EIGHT CAREGIVING MAXIMS FOR DEALING WITH PERPLEXING BEHAVIOURS
Don’t try and stop people with dementia from doing something just because it isn’t being done “properly”. Give them time to do things in their own way at their own pace.
People with dementia understand far more than they are ever given credit for. Take care what is said in their presence and don’t exclude them from conversations or decisions.
Bossiness is Just Not On. It’s very easy to confuse “caring” with “controlling” and nothing winds up any one of us more than the sense that someone else is controlling our lives. And if someone can’t find the words to protest, then resistance or aggressive actions will ensue.
Ask the question, “Who is it a problem for – us or them?” If it’s us, we should be old and ugly enough to let things ride. Does it really matter that he wants to go to bed with his trousers on, doesn’t want a wash right now, eats mashed potato with his fingers, says there are little green men in the garden? Don’t scold, argue or contradict. Go With the Flow, however bizarre it seems.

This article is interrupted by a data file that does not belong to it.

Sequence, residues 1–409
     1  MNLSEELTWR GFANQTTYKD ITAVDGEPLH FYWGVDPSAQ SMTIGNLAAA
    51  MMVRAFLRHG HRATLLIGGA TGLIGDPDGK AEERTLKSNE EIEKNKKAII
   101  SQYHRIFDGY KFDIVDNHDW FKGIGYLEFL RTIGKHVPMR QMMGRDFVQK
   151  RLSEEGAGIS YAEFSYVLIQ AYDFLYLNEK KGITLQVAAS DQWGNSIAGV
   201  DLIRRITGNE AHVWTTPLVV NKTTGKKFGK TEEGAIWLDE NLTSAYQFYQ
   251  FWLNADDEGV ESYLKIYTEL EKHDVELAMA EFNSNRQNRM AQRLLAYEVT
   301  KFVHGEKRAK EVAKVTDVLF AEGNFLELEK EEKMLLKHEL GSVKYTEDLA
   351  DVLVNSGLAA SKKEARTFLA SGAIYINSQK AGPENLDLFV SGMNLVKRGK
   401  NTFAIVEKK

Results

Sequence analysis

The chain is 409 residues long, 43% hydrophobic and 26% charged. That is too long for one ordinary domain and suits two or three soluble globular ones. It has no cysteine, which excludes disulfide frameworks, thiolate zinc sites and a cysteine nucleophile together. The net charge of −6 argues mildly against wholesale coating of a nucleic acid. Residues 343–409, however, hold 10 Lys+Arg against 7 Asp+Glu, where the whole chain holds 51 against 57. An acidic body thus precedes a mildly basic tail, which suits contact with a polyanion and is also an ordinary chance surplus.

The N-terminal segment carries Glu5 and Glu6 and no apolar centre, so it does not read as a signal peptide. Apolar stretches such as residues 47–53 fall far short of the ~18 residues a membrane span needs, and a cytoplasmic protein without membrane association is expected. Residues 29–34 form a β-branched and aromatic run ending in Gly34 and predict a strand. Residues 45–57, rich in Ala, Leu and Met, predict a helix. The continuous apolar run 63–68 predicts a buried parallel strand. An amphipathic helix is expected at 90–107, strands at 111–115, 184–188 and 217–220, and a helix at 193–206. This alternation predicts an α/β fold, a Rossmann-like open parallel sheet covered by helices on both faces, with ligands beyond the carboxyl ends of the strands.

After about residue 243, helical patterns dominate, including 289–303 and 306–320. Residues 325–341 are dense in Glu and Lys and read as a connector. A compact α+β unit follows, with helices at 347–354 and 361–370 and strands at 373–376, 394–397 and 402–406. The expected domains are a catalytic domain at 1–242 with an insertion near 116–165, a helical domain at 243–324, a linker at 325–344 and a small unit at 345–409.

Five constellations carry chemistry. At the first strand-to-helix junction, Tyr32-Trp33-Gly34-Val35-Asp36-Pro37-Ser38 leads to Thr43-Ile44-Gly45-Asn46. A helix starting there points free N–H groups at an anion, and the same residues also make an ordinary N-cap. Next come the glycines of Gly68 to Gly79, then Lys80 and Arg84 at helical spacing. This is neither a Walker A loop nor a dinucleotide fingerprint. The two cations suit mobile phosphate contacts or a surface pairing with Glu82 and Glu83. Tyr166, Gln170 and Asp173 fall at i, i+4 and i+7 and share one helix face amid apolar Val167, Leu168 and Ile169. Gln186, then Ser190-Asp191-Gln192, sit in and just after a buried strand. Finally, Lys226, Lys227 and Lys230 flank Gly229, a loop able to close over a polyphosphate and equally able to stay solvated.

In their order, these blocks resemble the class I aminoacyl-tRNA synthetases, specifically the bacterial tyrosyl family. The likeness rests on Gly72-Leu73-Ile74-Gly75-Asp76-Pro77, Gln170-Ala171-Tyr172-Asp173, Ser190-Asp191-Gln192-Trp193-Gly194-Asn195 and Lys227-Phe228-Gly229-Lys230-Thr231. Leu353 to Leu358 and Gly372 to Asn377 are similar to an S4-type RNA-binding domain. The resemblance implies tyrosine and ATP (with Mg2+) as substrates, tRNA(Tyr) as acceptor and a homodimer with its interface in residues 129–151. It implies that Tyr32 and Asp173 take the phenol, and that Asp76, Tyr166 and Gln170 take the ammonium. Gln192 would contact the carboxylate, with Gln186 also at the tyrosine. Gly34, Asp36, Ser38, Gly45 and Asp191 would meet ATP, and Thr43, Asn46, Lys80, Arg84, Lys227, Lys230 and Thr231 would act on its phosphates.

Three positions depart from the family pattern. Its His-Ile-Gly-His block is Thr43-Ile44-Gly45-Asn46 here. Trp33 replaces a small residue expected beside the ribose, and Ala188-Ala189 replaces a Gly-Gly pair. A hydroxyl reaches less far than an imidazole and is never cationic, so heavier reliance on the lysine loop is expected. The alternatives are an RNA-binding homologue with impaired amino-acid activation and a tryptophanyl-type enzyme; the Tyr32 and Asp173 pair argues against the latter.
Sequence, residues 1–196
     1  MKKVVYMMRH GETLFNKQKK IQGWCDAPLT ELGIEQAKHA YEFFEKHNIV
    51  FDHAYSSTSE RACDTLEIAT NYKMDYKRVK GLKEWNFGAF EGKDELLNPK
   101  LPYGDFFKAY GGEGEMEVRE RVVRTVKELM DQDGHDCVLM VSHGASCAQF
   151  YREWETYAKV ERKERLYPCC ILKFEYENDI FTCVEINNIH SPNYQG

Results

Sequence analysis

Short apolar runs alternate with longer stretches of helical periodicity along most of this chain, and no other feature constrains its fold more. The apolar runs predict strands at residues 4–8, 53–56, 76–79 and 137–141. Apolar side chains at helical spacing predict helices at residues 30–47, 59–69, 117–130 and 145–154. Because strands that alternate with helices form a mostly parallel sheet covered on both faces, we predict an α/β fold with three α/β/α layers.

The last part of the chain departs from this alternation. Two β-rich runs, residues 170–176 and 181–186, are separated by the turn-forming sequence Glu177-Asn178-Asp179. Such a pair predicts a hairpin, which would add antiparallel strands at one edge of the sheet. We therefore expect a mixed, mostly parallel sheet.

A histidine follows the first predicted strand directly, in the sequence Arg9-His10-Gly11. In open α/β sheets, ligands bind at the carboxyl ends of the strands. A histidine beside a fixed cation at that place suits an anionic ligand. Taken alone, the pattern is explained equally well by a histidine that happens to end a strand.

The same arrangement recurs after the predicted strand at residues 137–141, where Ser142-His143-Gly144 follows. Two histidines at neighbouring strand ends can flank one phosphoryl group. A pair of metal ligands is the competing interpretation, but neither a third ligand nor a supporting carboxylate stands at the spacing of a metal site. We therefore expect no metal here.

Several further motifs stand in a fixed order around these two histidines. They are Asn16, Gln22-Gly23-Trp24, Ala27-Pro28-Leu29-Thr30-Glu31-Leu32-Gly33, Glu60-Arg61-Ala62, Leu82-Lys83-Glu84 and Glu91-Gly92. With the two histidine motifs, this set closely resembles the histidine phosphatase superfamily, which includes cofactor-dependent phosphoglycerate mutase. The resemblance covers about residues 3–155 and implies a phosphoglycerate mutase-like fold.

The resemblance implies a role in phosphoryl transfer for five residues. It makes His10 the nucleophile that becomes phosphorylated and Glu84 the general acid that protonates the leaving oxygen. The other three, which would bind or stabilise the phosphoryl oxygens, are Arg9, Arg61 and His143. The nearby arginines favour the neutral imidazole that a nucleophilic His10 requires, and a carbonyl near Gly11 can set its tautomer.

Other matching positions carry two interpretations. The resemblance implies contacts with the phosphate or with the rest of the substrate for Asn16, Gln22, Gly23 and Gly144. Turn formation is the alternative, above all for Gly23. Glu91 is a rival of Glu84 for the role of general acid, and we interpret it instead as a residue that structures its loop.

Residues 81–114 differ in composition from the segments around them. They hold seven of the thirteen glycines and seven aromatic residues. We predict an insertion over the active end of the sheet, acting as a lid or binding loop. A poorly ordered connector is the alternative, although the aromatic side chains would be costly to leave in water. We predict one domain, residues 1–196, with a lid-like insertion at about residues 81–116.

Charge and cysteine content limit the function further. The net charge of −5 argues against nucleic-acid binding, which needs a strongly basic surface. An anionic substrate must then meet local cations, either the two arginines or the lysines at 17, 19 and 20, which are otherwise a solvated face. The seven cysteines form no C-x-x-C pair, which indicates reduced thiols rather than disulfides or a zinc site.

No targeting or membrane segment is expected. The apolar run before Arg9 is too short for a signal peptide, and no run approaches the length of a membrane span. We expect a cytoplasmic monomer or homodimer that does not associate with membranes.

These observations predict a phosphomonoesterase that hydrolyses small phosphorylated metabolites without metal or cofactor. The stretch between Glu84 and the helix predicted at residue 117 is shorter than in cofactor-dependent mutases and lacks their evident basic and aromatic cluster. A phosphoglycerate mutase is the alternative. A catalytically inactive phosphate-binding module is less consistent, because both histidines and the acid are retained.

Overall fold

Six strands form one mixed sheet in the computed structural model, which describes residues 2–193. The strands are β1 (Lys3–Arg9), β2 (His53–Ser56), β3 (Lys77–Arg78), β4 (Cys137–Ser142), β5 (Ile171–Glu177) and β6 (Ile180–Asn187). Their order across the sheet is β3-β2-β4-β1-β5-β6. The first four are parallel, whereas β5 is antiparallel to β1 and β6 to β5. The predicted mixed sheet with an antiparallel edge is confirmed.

Preserve their autonomy for as long as possible by giving them choice (e.g. in what clothes to wear) and celebrate what they can still do, rather than bemoan what they can’t.
There is always a reason for agitation – often something or somebody in the environment. Try to spot the cause and change it if possible.
If they can’t enter our world, we must enter theirs and affirm it. Forget reality orientation – what day is it, where are you, who’s the Prime Minister – who cares? Enjoy fantastic adventures with them in their “real” world instead. Be prepared to time-travel backwards into their personal history.
Look behind the illness and reach out to the frightened person still in there who needs to feel secure, respected and cherished.